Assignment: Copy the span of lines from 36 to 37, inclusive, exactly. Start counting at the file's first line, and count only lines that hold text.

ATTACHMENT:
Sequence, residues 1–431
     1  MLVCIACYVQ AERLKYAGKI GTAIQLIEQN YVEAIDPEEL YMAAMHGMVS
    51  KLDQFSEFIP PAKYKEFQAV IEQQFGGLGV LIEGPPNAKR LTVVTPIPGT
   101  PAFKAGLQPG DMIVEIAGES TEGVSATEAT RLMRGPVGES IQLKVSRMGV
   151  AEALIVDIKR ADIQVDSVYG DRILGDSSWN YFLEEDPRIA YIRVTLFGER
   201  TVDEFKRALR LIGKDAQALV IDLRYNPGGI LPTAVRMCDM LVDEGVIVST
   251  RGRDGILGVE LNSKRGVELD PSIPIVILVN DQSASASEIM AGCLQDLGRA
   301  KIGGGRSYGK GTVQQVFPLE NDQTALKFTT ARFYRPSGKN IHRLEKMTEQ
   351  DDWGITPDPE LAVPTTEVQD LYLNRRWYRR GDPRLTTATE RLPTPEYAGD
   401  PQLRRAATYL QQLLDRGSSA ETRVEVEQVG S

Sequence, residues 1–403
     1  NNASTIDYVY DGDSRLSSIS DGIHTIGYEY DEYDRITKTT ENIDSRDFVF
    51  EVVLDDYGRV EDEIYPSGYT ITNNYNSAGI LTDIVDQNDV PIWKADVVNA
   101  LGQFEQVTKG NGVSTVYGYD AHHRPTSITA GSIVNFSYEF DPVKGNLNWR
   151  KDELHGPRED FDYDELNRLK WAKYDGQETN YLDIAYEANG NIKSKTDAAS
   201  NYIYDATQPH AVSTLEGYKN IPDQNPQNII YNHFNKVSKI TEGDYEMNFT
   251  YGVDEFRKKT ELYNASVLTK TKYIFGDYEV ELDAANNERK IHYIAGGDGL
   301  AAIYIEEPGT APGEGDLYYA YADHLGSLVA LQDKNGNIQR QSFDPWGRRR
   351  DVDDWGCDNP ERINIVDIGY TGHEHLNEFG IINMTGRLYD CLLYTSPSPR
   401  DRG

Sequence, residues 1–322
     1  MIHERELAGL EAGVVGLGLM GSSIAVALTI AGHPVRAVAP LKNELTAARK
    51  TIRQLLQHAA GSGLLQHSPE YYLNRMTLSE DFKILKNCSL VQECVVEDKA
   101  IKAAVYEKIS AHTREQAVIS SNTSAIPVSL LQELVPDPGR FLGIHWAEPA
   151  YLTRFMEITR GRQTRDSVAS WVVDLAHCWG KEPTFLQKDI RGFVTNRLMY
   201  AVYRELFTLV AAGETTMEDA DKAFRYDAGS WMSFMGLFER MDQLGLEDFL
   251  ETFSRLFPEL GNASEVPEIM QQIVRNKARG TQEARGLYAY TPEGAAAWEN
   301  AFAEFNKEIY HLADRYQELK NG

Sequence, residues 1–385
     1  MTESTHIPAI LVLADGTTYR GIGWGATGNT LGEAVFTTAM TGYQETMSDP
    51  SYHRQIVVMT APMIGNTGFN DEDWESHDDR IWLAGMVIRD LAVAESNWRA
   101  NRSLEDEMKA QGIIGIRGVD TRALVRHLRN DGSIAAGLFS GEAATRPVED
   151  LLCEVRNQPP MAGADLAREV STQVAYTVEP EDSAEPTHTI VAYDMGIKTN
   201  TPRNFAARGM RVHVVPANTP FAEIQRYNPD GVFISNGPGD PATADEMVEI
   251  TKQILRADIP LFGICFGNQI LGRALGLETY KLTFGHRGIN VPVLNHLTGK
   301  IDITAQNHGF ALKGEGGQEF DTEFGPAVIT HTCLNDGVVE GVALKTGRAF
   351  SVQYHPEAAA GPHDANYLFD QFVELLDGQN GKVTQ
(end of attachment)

   301  IDITAQNHGF ALKGEGGQEF DTEFGPAVIT HTCLNDGVVE GVALKTGRAF
   351  SVQYHPEAAA GPHDANYLFD QFVELLDGQN GKVTQ